Subject: File No. 4-606
From: Laurence Schiffman
Affiliation: Financial Advisor

July 30, 2010

I feel that while imposition of such regulations could cause undue increased expenses and compliance regulations for many situations, there would me a number of situations that benefit from a fiduciary requirement.

In particular, I feel that whenever any sort of replacement transaction is occurring (liquidations and subsequent repurchases, annuity replacements, life insurance replacement, etc), that setting a fiduciary standard would be in the best interest of the client. This, in practice, is where I have seen the most abuse occur, as the broker/RR is simply having the client make a change that would compensate that individual, and potentially take business away from another individual who had done the right thing for their client. If the replacement is in the best interest of the client, and the new broker/RR plans to service that client going into the future, then they should not be afraid of taking on a fiduciary responsibility.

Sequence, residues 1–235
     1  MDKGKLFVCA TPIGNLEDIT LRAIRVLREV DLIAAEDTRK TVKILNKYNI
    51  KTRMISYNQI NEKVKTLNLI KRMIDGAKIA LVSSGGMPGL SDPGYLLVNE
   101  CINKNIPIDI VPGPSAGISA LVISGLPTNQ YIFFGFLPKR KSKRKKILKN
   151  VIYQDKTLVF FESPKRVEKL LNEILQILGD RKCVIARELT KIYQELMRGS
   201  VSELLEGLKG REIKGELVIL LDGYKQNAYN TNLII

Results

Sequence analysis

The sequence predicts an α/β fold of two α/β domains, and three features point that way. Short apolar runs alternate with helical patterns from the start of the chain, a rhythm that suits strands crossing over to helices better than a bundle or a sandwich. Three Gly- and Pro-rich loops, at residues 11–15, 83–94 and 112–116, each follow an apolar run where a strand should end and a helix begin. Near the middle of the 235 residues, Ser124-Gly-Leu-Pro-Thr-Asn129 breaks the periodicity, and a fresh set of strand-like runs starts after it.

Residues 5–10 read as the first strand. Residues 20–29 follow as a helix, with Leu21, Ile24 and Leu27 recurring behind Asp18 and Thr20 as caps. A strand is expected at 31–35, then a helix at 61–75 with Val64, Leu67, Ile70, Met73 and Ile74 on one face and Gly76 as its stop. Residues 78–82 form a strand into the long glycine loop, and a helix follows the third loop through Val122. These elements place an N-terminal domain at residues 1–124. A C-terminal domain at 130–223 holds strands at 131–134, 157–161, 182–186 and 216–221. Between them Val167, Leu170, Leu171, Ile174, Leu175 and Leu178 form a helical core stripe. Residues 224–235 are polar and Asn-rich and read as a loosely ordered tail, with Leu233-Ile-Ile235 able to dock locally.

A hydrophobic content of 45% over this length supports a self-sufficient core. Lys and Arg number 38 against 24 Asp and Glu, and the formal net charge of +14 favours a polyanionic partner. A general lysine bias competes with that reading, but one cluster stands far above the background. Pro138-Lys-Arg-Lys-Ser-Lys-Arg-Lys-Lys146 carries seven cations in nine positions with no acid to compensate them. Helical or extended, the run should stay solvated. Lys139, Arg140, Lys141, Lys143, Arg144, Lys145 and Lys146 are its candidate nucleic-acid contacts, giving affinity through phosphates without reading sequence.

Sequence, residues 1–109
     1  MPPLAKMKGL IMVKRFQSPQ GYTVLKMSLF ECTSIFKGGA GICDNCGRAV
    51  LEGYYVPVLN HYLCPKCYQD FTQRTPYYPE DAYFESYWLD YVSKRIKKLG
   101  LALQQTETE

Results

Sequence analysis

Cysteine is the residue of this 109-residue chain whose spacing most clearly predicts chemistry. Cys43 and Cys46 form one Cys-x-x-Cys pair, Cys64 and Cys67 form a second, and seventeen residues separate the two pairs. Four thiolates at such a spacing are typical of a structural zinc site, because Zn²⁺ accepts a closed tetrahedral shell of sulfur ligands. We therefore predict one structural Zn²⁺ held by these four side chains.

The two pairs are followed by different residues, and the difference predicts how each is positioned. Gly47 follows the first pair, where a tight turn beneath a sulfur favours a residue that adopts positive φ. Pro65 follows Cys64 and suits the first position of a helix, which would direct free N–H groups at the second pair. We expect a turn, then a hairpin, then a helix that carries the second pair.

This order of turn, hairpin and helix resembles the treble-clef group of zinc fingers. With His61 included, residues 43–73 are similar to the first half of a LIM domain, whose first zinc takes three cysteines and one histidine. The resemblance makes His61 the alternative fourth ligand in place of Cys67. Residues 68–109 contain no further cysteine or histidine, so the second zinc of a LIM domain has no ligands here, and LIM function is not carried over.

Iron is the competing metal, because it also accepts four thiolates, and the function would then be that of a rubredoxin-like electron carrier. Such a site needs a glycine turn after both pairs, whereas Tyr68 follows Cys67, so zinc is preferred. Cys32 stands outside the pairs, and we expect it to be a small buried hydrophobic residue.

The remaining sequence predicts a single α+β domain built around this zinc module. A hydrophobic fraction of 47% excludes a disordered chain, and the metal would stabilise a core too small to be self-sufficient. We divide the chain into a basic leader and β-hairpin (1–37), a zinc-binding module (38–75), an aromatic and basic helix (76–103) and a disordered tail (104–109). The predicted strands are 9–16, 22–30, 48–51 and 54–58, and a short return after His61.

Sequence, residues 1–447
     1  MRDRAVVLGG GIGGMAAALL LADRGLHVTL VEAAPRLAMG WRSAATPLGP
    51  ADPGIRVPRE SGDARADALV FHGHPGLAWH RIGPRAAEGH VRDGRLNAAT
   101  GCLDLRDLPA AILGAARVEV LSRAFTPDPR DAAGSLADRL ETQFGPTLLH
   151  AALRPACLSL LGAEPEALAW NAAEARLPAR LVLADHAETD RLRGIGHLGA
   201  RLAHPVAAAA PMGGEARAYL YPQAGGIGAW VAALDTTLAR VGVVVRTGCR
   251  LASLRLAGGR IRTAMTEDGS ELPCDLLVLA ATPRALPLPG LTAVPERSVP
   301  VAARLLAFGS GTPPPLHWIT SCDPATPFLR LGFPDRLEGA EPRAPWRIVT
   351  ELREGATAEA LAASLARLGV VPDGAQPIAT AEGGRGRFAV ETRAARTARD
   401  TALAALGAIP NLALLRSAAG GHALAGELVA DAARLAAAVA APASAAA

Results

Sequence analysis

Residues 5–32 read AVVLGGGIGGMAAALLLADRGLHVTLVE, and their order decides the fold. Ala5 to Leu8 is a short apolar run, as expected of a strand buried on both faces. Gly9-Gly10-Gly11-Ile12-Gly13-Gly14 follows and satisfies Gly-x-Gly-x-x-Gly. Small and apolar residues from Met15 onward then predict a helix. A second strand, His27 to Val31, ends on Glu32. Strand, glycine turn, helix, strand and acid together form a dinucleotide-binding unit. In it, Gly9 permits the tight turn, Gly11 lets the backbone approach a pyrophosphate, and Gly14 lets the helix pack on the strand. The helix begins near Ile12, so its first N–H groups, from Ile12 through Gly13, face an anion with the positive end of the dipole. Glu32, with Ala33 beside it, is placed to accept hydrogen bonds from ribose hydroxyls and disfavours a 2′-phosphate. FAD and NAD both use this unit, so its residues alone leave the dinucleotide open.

With regards to new accounts and new moneys, forcing a broker/RR to enter into a fiduciary role would be unnecessary. Many people in this industry are sales people or transaction oriented. They make suitable recommendations for purchase initially, but don't want to constantly monitor that customer's situation in the future. While I personally do not agree with this approach to working with clients, that is just my opinion, and competition is what drives the free markets.

Should a blanket regulation be put into place, that forces everyone to enter in a fiduciary capacity with clients, I feel that this will have an overall negative effect on the middle market, as many of the accounts/transactions will be too small for the broker/RR to justify taking on increased expenses and compliance for. That would lead to more people trying to do investment planning on their own, which would most likely lead to even more inefficient markets, as investors are trading on emotion and not underlying data. Markets that face volatility due to short-term, emotional decisions eventually shake out and stabilize as the financials pave the way.